3 Rules to Reduce Your Measurement Risk

February 14, 2017

Bad Measurements Happen! Technicians are Fallible! The Wrong Equipment is Used!

Almost everyone has had problems related to bad measurement practices—some of which have resulted in serious devastation.  There was the BP oil refinery explosion in Texas, the Hubble telescope with improper focus, the Space Shuttle explosion, a Stealth Bomber crash, Cox Health’s overdosing of 152 cancer patients, and another BP oil rig disaster. All of these tragedies were the result of poor decision-making, and all of them were preventable.

I'd like to ask you to pause for a moment, and take 20-30 seconds to think about measurement issues that may have affected you:

  • Have you, or any of your technicians, ever overloaded a load cell?
  • Have you, or someone you know, ever used the wrong equipment to try to accomplish a certain task?
  • Have you signed a certificate you were unsure about?
  • Do you know of any bad measurement practices in your organization that are not being corrected, or do complaints fall on deaf ears?
  • How about your calibration provider: Have they ever admitted to making a mistake?  If the problem was not corrected, did it just go away?

Let's face it: We are not perfect.  And neither is any measurement practice. But if we aim for perfection, we can achieve excellence, which is what we do at Morehouse. We mitigate measurement risk by making better measurements, and by replicating the use of all instruments to lessen the possibility of devastating errors.  We educate our customers on best measurement practices. And when you send an instrument to our lab for calibration, we guarantee your satisfaction.  If you still need another reason to come to Morehouse, remember: the alternative could be disastrous.

Our goal is to solve problems before failures occur.  Solving measurement problems requires adherence to the three rules.

There are three essential rules to making better measurements and reducing measurement risk.  These three rules are like a three-legged stool.  If any one of them is missed or neglected, the stool will not function and you will be left sitting on your posterior.

Rule #1. Know the Right Requirements  - This first rule involves knowing what is needed to accomplish the task at hand.  It should include the establishment of reasonable measurement tolerances that are based on system performance, as well as an understanding of what equipment or calibration provider is needed to ensure the proper Test Uncertainty Ratio (T.U.R.) and reduce measurement risk. The more accurate the system, the higher the costs will be to procure the equipment and have it calibrated. Maintenance may also be an issue. If the wrong equipment is chosen, more frequent calibration cycles may be required*.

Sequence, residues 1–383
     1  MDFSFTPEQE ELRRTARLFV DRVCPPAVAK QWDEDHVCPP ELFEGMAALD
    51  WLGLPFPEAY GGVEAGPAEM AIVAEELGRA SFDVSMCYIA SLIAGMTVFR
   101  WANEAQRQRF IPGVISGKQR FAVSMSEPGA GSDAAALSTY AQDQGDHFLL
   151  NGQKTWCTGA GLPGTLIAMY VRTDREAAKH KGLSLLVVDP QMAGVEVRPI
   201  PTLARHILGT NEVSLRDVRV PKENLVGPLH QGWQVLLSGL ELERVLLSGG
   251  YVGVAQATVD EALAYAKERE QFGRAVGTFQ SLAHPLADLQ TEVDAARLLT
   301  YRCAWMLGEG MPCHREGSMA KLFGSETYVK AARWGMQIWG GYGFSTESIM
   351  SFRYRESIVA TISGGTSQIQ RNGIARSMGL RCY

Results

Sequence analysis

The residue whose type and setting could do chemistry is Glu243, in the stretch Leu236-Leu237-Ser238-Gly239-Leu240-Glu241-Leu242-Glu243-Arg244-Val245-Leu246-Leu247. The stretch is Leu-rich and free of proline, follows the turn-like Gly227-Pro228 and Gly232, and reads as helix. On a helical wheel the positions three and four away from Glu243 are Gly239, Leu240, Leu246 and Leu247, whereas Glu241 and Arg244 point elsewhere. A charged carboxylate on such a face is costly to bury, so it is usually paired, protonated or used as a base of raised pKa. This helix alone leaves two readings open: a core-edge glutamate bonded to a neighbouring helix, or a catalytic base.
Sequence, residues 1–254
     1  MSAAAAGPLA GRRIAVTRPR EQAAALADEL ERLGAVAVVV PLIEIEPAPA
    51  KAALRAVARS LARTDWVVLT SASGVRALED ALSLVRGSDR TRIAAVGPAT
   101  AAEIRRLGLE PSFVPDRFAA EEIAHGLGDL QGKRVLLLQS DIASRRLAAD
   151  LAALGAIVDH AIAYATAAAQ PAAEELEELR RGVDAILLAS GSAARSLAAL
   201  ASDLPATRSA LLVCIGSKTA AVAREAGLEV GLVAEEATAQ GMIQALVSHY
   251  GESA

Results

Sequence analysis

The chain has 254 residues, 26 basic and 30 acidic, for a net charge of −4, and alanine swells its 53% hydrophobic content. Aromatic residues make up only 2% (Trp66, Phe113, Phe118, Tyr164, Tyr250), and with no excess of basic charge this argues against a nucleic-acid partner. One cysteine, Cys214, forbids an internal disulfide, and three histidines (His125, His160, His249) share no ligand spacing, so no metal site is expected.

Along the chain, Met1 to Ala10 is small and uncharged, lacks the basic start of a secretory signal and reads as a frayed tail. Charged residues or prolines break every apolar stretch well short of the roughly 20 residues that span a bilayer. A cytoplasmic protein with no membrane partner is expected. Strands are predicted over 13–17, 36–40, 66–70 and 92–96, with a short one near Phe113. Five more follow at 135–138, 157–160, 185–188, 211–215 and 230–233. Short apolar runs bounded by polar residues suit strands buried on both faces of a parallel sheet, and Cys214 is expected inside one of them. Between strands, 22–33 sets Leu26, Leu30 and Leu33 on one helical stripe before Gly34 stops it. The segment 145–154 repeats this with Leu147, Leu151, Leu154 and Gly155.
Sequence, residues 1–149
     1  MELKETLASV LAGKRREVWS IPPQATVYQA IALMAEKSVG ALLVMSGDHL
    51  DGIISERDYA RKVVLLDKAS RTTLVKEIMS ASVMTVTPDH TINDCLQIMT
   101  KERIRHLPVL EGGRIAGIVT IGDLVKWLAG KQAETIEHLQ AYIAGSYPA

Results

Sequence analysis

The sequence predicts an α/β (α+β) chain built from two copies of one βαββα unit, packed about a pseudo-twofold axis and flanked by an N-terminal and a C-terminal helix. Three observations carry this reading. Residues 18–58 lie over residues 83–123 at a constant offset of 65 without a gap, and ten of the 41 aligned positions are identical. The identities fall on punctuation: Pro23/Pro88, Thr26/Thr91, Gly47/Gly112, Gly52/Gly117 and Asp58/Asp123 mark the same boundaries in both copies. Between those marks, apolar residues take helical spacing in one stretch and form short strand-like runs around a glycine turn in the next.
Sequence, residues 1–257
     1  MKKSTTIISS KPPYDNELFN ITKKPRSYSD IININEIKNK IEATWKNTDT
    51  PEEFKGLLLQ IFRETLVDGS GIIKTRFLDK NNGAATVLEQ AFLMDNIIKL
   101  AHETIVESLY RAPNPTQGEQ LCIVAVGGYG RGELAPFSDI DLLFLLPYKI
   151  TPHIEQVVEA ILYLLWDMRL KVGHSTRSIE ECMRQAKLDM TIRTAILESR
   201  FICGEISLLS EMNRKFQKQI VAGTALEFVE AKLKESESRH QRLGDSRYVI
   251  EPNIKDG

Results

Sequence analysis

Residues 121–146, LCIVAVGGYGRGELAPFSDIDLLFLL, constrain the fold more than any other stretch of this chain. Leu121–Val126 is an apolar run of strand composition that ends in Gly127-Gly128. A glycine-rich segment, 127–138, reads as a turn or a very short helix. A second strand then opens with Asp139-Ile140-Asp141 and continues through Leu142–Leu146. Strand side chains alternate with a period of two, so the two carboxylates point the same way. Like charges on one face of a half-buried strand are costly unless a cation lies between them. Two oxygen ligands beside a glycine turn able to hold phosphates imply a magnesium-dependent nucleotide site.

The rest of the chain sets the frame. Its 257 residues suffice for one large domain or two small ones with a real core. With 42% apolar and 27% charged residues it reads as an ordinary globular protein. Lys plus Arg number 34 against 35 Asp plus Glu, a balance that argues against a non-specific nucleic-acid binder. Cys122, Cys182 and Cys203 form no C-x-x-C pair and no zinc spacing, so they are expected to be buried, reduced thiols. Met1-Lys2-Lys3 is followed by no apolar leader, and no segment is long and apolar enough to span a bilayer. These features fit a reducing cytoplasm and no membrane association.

*This is in reference to stability criteria.  If the requirement is 0.1 % of applied, and the stability of the device is 0.2 % over a one-year period, the device would need to have the calibration interval shortened.

SAE AS9100 7.3.1 states, ”Design and development planning shall consider the ability to produce, inspect, test and maintain the product."

For most tests, a T.U.R. of 4:1 will meet the guidelines set fourth in ANSI Z540.1 of ensuring that the total risk is less than 4 %. T.U.R. is covered in greater detail in Rule #2.

Below is a chart showing what Calibration and Measurement Capability is required to maintain a 4:1 T.U.R. If you are using a device with a tolerance of 0.1 % of applied force, the table indicates that you would need to choose a calibration provider with a CMC of about 0.02 % or better.A lab with a CMC of 0.05 % cannot meet a T.U.R. of 4:1 to calibrate a device with 0.1 % accuracy.  A CMC of 0.05 % is what most secondary labs maintain.